Unintentional heroes win Canadian rescue award
by Jeff Bolichowski, Windsor Star/Sail-World on 2 Feb 2011
Whenever you step onto a yacht to go sailing, there's a possibility that you will face a life threatening situation, if not yours, then someone else's. How will you fare? The recipients of the Canadian Safe Boating Council's 2010 Rescue of the Year were tested and not found wanting.
2010 Rescue of the Year award for Chris Busch, Nick Crooks, Lindie Rudover, Carol Crooks, Alan Johnson and Alex Baker - photo by Scott Webster .. .
The six crew members of the yacht Private Idaho, who were honoured in Toronto last month at a ritzy function at the Sheraton Centre, admitted that they had previously done 'man overboard' practice in daylight, and had done a debriefing of 'safety stuff' just before they left, which stood them in good stead.
In a fifty knot storm, close to midnight, the Private Idaho, with crew members Chris Busch, Nick Crooks, Lindie Rudover, Carol Crooks, skipper Alan Johnson and Alex Baker on board, passed a strobe light floating in the water. Strobe lights are often attached to life jackets.
'I had that sinking feeling,' Carol Crooks told the local news outlet www.windsorstar.com!The_Windsor_Star, though there was nobody in the water.
Not long after that, the crew heard someone shout, 'Help!'
'All of us just turned our heads to the right and boom, there he was,' said Crooks, who said she illuminated the man's head with a cheap flashlight she'd stuck in her pocket by chance. 'The water was so black and the sky was so black it was unbelievable we found him.'
That man was Branden Brickles of Fenton, Michigan, who had been hurled off his 36-foot catamaran by the stiff winds. The storm had blown the boat away from him, and he didn't have a life-jacket on when he hit the water.
'Luckily I got blown back into the path of another boat,' he said. 'I was really thinking, 'I didn't want to die this way.'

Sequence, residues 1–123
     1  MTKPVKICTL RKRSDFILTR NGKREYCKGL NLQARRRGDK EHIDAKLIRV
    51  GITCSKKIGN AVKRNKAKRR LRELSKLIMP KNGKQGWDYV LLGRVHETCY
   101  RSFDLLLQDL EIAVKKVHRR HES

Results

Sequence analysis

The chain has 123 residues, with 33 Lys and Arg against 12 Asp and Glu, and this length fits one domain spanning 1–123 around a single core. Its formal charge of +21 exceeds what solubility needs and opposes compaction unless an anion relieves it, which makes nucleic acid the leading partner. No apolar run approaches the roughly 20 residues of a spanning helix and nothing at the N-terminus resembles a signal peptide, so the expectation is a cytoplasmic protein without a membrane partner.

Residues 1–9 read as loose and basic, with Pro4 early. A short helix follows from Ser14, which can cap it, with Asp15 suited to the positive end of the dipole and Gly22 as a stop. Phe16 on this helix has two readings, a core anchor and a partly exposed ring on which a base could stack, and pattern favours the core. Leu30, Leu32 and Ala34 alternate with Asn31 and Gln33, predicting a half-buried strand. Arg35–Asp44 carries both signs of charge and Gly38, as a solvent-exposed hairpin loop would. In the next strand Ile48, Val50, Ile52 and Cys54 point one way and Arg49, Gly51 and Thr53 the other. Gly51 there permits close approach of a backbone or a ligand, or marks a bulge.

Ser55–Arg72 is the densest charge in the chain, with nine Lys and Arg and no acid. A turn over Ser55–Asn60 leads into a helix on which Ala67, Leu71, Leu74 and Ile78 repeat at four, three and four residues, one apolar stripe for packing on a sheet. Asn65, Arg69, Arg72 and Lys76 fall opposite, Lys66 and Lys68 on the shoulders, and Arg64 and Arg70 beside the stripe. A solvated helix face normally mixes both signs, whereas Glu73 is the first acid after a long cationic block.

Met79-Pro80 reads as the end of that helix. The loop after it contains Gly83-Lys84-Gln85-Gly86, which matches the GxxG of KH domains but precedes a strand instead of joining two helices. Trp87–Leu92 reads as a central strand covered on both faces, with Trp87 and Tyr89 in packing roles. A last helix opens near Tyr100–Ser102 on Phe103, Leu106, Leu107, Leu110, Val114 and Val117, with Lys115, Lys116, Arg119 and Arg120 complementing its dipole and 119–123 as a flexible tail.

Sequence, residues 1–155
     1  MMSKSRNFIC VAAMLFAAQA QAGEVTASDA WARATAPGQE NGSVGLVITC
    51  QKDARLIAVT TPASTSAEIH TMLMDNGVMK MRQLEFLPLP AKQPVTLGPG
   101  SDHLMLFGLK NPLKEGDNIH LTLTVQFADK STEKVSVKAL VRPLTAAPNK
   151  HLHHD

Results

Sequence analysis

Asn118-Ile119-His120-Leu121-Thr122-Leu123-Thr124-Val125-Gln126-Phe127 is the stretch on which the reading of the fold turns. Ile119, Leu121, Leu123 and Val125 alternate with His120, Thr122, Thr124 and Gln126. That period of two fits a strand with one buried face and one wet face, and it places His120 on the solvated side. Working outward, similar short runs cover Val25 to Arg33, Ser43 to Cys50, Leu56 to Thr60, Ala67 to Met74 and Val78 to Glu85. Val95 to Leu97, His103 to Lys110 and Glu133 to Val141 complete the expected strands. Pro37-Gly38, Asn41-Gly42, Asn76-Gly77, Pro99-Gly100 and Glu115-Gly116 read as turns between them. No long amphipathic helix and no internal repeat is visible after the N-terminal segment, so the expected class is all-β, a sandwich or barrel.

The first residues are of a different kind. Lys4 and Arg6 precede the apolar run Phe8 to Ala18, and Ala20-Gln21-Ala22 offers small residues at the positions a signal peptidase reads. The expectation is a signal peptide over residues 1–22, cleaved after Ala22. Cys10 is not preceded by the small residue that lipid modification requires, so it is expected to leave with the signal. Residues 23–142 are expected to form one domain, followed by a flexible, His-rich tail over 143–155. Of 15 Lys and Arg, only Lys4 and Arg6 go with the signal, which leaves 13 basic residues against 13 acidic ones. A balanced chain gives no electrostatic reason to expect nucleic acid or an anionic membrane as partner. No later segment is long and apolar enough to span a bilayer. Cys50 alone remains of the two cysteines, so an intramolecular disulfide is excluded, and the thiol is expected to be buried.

Soon, Crooks said, the crew had unpacked a large spotlight and trained it on Brickles. But even getting close enough to pick him up was difficult, Crooks said.
'In three-to five-foot waves we couldn't approach him the way you're supposed to approach him. We had to do a special spin and approach him at a different angle.'
Through it all, Johnson, who was at the helm, said he and the crew kept their cool. But as he turned the boat around, they lost sight of Brickles and his heart sank.
'Worst three seconds of my life,' he said.
The crew, though, quickly located Brickles with the spotlight, and got the boat in the right position for the roaring waves to carry him to the hull.
'It seemed like an hour but it had probably been three or four minutes,' Johnson said. 'His face was barely above water at all.'
Crooks said it took two tries for Brickles to catch a tossed life preserver, at which point he simply gave up and began floating on the device. The crew managed to reel him in to the rear of the sloop, where Johnson said they dragged him up a ladder.
'They did a great job,' Brickles said. 'They got me right next to the boat.'
When Brickles came aboard, Crooks said, he was bloated, vomiting water and unable to remember his own name.
'I'm proud,' Johnson told The Windsor Star. 'I'm proud our crew handled it so professionally.'
As for Brickles, he told The Star he's fine today, but he'll be wearing his life-jacket when he sails from now on.
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